MANILA, Philippines – For households out there living in the dark without electricity, there’s hope for a brighter tomorrow literally with a nationwide lighting mission called the Solar Bottle Bulb project.
Spearheaded by social entrepreneur Illac Diaz, the Solar Bottle Bulb, designed and developed by students from the Massachusetts Institute of Technology (MIT), aims to provide an economically and ecologically sustainable light source for households in the Philippines.
A plastic bottle filled with a solution comprising of water and readily available chemicals, the inexpensive Solar Bottle Bulb harnesses the power of the sun to light the rooms of houses, schools or warehouses.
It is a device that is based on and grew out of the principle of Appropriate Technologies – a concept that provides simple and easily replicable technologies that address basic needs in developing communities.
With its promise for long-term sustainability, these solar bottles are now being used to light poor communities in Brazil and Mexico.
In the Philippines, My Shelter Foundation has initially introduced this technology to 300 households in San Pedro, a highly-urbanized first class urban municipality in the province of Laguna.
The foundation is also exploring partnerships with both private and public entities to implement this project nationwide.
“Light is an important part of our daily life, and access to light is a right of everyone here in the country. Through this project, we aim to provide the whole country with sustainable light energy and bridge the gap between social classes,” says Diaz, founder of My Shelter Foundation, a socio-civic organization that aims to form partnerships with communities and groups locally and globally to create affordable housing.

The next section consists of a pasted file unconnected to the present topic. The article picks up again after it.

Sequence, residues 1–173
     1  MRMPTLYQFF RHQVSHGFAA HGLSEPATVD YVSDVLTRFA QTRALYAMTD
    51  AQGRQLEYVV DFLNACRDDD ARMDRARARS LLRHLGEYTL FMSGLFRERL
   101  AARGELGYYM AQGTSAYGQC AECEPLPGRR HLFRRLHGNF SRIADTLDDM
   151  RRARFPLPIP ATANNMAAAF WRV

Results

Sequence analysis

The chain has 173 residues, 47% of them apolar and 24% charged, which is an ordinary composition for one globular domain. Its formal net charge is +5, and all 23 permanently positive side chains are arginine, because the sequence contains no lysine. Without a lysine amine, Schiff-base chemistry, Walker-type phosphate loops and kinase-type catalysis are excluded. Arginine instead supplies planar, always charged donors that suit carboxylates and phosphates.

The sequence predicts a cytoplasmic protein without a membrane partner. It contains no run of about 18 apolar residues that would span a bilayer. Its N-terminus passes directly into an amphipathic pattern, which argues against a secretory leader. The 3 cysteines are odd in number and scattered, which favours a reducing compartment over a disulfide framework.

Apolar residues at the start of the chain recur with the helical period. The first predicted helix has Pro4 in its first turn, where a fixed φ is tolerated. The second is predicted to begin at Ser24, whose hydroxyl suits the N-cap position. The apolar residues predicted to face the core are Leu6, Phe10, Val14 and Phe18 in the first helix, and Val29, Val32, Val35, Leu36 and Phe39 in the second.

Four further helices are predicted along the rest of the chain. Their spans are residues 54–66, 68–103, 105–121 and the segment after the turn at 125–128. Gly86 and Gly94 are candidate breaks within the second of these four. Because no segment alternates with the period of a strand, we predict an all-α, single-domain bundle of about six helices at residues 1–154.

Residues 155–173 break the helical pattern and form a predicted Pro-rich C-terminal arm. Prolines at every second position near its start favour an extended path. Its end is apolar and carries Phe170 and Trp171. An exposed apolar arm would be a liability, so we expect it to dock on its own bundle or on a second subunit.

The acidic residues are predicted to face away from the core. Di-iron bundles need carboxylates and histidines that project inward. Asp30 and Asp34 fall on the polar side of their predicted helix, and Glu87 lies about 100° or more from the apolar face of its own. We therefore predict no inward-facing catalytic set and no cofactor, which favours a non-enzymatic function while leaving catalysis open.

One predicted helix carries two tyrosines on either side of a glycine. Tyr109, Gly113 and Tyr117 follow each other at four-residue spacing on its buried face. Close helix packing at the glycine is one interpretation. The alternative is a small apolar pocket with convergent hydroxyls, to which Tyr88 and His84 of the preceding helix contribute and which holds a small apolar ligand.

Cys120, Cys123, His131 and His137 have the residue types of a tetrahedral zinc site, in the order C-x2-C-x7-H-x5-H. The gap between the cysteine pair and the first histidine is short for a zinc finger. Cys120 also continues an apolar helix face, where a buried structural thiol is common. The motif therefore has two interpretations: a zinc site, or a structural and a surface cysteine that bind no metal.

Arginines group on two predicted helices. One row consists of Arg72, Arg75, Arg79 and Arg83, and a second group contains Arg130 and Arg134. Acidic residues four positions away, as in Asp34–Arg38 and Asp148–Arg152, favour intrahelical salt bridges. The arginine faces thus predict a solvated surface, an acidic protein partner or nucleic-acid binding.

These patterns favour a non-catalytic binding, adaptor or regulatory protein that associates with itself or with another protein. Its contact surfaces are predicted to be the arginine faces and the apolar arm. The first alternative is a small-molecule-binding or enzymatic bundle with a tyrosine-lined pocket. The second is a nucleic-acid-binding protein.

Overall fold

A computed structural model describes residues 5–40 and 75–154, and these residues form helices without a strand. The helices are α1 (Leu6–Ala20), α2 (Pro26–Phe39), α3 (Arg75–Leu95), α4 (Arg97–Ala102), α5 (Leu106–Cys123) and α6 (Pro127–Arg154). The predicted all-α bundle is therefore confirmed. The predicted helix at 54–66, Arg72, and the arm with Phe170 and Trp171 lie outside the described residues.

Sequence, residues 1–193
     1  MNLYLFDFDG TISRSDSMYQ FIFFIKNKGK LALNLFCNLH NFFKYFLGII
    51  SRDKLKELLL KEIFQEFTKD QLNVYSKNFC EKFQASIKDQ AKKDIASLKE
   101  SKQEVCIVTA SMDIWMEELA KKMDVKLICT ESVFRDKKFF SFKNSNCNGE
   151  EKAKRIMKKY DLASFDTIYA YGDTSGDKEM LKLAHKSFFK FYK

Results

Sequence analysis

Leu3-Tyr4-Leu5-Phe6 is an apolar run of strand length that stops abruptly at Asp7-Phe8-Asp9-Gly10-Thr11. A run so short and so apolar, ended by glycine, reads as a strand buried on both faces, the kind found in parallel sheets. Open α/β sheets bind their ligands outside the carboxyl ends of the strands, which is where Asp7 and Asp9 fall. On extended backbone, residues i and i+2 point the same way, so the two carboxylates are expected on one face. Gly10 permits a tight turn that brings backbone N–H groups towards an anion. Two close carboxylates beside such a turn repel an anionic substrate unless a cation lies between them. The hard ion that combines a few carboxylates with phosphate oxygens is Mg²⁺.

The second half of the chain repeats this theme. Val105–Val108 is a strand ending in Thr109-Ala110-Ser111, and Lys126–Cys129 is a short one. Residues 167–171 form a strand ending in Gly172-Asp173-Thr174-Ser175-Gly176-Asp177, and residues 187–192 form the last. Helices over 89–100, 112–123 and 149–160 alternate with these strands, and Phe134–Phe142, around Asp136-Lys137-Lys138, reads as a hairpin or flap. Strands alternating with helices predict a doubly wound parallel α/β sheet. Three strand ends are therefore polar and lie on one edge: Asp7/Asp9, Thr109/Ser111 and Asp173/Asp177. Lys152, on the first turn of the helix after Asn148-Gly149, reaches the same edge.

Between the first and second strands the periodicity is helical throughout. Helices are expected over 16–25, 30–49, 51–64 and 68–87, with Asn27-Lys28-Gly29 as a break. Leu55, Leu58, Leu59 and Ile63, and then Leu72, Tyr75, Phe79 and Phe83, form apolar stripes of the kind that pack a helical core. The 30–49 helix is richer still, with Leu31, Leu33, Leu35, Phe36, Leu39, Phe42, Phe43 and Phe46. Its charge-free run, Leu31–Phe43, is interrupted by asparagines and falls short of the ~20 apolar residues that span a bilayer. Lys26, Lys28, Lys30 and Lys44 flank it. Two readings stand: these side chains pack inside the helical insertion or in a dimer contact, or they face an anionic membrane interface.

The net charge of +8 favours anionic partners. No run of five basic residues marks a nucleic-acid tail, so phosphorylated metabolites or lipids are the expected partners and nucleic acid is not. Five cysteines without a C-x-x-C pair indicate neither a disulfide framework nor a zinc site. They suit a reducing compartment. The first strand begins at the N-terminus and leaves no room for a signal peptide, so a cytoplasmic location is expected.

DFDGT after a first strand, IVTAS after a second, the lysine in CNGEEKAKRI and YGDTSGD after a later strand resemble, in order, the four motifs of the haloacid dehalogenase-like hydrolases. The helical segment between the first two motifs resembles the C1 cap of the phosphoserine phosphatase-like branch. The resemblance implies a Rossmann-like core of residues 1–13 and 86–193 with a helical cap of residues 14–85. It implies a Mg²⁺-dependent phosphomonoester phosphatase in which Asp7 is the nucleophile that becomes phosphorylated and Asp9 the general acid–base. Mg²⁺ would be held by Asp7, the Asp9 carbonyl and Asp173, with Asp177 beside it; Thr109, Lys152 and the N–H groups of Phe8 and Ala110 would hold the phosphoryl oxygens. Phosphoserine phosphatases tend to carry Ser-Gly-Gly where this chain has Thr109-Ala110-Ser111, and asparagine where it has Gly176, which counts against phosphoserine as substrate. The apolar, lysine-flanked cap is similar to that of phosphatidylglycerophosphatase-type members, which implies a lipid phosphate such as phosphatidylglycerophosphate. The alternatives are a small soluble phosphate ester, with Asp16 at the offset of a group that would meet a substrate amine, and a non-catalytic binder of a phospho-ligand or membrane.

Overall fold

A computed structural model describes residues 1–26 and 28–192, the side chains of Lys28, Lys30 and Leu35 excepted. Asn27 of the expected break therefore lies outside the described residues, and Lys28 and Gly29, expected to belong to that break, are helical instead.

The idea of establishing the Solar Bottle Bulb project came in the midst of reports that in 2009, three million households outside Metro Manila were still powerless, based on the records of the National Electrification Administration.
Aside from these households, there are also those families in and out of the metropolis who desperately try to source electricity through illegal or unsafe means – often with disastrous results.
According to the Bureau of Fire Protection (BFP), fire accidents often involve faulty electrical connections.
In 2009 alone, 2,520 electric-related fires were reported nationwide. And because the BFP does not conduct fire hazard inspections in informal settlements, these communities are high-risk fire hazards, especially with illegal electrical connections rampant in these areas.
Diaz said the realization of the fire hazards confronted by these communities as well as the pressing need of families to have access to light prompted them to launch the Solar Bottle Bulb project.
“With the Solar Bottle Bulb project, a brighter Philippines is going to become a reality,” says Diaz, who has launched other noteworthy ventures such as the Seafarer’s Dormitory at Pier One, the acclaimed Bottle School Project, and the global architectural design contest Design Against the Elements.